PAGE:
Anyway, I'm digressing--the surprise was much better than a used iphone. Saturday morning he told me that he had managed to buy some tickets to the Jason Mraz concert for the end of October. And since the tickets he got are somewhere in the first few rows, maybe I'll be lucky enough to have sweat flung on me...or get a good shot at grabbing his bum. And even though we may have had to sell our firstborn into child slavery to pay for them, I've got three other spares, right? So in a couple months I'll get to spend an entire evening with Mraz...just me and my little Mraz. Oh, and I guess Jeremy will be there too. Not everyone knows his music, so I stole a description from some website:
Jason Mraz is an American singer-songwriter, born and raised in Mechanicsville,
Virginia, a suburb of Richmond. Jason Mraz is an eclectic artist with multiple
and varied stylistic influences, including pop, rock, jazz, folksy country, and
hip-hop/rap. Jason Mraz's clear, strong tenor voice and easygoing, optimistic
lyrics gained popular acclaim in 2003 when his first single, The Remedy I Won't
Worry, began to receive regular play on radio, MTV, and VH1.
I was also surprised to find out that Jeremy had signed up to donate blood in one of those Carter traveling blood-mobiles that was going to be parked at our church on Saturday afternoon. A little background: Jeremy HATES needles, getting shots, and the sight of blood in general. Once in Florida when we were on vacation, he got really sick and had to go to the E.R. to get some shots. He had to sort of stand up and lean on the bed so the nurse could shoot him in the bum, but right after she gave him the shot he started swaying, went really pale, and almost passed out. She said that happens sometimes....usually to men, not women. SO he had to get another shot to help him recover from getting the first shot. He has yet to live that one down. All I have to say is that it's a good thing that the women have the babies...or there would be a serious baby shortage due to the abundance of babies of a much larger, hairier, male kind.
Anyway, he was so nervous driving up there that I thought he's pass out before they even stuck him--he was seriously all sweaty and jittery. And apparently hearing about how I had to have a zillion needles in my arms and my nether-regions while having Alex and Maddie, and how I had my abdomen and insides cut open and sewn back together to deliver the twins, all that didn't help him get over his nerves and fear of a tiny, minuscule little needle.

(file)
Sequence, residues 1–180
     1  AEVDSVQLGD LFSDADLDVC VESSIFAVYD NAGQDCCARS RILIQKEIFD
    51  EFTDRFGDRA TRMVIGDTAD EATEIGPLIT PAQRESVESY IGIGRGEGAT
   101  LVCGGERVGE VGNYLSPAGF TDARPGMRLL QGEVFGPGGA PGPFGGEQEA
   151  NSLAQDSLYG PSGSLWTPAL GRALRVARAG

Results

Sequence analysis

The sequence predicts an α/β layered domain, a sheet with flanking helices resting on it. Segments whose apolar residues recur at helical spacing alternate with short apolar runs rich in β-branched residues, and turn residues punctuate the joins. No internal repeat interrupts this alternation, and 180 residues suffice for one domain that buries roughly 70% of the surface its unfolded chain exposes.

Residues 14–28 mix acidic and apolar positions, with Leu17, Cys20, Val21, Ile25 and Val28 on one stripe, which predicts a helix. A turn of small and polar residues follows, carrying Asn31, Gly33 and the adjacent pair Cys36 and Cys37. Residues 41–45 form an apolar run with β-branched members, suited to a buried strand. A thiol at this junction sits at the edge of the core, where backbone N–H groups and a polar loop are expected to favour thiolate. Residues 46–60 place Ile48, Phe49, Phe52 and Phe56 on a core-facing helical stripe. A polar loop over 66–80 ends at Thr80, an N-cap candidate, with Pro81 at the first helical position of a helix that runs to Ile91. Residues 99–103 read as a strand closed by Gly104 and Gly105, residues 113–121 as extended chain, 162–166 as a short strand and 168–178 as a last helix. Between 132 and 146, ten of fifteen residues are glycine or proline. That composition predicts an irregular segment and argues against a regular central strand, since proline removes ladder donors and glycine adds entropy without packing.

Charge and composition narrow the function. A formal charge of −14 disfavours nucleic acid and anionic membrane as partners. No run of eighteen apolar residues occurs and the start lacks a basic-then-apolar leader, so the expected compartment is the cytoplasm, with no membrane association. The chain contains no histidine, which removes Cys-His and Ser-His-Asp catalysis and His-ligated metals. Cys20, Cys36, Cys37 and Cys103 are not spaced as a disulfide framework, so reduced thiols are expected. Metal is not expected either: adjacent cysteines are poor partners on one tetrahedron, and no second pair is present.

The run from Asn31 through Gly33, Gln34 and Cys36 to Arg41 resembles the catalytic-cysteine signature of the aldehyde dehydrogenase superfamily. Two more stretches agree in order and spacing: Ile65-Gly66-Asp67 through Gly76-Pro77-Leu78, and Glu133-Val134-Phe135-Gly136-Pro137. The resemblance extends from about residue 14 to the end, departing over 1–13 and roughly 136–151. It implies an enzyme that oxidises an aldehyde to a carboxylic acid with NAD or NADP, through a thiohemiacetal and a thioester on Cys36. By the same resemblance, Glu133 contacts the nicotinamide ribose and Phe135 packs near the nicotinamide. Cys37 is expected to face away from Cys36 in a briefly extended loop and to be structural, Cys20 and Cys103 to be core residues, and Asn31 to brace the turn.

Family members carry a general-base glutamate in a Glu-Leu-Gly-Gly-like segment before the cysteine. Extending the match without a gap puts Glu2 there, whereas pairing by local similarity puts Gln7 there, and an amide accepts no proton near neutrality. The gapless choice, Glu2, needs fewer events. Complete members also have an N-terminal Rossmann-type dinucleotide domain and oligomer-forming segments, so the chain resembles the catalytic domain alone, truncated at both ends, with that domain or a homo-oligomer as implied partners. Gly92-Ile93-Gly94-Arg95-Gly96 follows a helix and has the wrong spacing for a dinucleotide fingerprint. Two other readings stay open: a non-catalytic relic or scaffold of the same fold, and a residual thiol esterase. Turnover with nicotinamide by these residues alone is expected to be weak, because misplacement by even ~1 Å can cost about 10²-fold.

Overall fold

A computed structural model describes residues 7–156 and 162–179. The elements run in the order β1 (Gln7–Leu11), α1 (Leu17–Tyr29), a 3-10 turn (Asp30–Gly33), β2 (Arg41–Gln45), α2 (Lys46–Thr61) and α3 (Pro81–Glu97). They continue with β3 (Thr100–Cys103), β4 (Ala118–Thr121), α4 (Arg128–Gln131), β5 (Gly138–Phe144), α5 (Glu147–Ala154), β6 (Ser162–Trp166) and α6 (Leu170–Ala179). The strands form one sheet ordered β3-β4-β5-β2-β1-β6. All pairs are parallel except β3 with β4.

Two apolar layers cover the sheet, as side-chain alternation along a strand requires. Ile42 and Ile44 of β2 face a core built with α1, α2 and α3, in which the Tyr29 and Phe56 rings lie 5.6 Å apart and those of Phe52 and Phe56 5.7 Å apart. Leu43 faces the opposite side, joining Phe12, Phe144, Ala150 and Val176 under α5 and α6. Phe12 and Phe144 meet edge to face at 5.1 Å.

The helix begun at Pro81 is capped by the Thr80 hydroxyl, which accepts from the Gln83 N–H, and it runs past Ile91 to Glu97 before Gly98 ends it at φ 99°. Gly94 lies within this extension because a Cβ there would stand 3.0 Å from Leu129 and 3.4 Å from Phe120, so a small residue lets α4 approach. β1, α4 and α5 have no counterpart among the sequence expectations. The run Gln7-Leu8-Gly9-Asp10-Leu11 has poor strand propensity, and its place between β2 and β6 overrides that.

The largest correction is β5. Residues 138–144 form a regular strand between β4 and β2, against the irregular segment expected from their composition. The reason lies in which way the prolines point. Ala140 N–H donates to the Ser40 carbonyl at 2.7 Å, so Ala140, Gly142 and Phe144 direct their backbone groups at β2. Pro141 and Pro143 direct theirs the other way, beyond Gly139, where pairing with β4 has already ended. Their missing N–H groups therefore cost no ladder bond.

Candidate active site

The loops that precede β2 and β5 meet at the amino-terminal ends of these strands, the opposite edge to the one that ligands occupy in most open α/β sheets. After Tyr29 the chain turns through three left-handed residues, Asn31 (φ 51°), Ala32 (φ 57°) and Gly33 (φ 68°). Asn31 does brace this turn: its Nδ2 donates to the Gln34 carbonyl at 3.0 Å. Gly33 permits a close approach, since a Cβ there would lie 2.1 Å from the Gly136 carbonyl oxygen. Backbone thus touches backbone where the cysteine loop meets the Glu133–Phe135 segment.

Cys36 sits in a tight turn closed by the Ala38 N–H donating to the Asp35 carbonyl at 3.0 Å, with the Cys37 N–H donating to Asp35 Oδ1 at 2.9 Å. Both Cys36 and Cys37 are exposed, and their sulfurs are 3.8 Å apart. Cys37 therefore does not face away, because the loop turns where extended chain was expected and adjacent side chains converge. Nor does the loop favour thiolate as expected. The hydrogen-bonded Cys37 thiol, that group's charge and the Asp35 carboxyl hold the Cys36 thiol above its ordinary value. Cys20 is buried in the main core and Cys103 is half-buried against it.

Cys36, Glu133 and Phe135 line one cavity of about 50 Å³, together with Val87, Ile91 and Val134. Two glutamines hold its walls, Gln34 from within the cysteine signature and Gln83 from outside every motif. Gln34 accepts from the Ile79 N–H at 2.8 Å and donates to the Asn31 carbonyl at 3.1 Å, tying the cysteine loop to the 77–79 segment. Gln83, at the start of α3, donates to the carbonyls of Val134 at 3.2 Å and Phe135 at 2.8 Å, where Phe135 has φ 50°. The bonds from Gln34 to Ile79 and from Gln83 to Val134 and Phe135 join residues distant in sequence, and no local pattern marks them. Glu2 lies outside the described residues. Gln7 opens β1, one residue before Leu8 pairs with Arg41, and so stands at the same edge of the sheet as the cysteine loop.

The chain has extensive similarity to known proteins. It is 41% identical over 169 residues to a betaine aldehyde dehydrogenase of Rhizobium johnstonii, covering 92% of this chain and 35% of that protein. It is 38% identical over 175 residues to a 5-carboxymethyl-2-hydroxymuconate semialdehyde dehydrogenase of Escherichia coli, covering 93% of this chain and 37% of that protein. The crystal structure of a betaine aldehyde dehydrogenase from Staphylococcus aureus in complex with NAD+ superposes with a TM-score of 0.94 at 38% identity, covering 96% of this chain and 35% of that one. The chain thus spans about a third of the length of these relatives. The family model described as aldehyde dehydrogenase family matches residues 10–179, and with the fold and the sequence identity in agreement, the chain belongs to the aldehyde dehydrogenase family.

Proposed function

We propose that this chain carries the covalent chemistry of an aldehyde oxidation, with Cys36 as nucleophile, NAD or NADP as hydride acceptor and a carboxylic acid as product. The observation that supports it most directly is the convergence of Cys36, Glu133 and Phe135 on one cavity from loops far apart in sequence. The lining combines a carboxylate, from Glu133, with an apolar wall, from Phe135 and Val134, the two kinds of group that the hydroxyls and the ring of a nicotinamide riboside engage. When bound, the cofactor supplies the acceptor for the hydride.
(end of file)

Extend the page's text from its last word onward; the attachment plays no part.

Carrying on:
We had to go in shifts because one of us had to stay inside the church gym to watch the kids, so I didn't get to hear or see all the drama when they finally did put in the needle. I tried to bribe someone on the inside to take my camera and put it to good use when he was sprawled out unconscious on the floor of the bus, but no one would. (Jessica, i know you're sad about that).
When he was done, I got to go in and hear all the other men in the bus whining about getting poked too. WUSSES! And they are apparently in desperate need of blood, because even though mine was carbonated and 79% Diet Coke, they still took it. But I did almost got kicked off the bus because I was too wiggly and kept knocking things off that the nurse perched precariously on my arm or the edge of the bed. I know, such a troublemaker. Right before I left the bus, a total torrential downpour started and I got drenched running back into the church to retrieve the others. Oh, what we'll do for a really cool free Carter Blood Care t shirt--size Really Huge, a powerade, and some NutterButters. Oh, and to save lives and all that.
As we were planning our attack on how to load the four kids, and strap the two into their carseats without getting even more soaked, we looked and one of our tires was totally flat. Like almost driving on the rim flat. (The same tire that I supposedly had fixed while I sat with the twins for an hour and a half at NTB the week before. GRRRR. NTB, shame on you.)
New plan: Try to drive in this crazy storm without ruining what's left of the wheel to the nearest gas station, so Jeremy can stand out in the storm to fill it up with air. Oh, and all the kids have to be screaming about needing to pray for the tire, generally freaking out about the rain and tornadoes, and acting like total spazzes or the plan will be ruined. Mission accomplished. Alex screamed, "THE PRAYER WORKED!" --and it's a good thing we made it or we'd have some serious faith issues on our hands.
I think his exact words when he looked up and saw me trying to take a picture were "I'm glad you're enjoying this." But I'm pretty sure he was being sarcastic. At least the free giant tshirts came in handy as makeshift towels. Thanks Carter. Oh, did I mention it was 5:55 on a Saturday night? We used the handy but "old, crappier, slower" iphone to look up a few tire places online, though every single one was closed or as one guy said, "We're walking out the door right now...and we're not stopping." Thanks, random tire guy. Anyway, we decided to risk it and drive to Walmart in the hopes they'd take pity on us. And they did because they were supposed to be closed at 7, and the guy said that they were really busy but he'd let us come back at 7:00 and he'd fix our tire because he could use the overtime. That gave us time to drag all the unhappy, hungry, traumatized kids back home so only one of us would have to come back. Thanks Walmart, for authorizing overtime.
But sadly, this is not the end of the tire story. In fact, the best part is yet to come. The part where I get an after hours tour of the Walmart garages with the skeevy little perv of a tire guy that kept staring at the twins (and I'm NOT talking about the boys here). I'll write more when the twins (and I AM talking about the boys here) are taking a nap.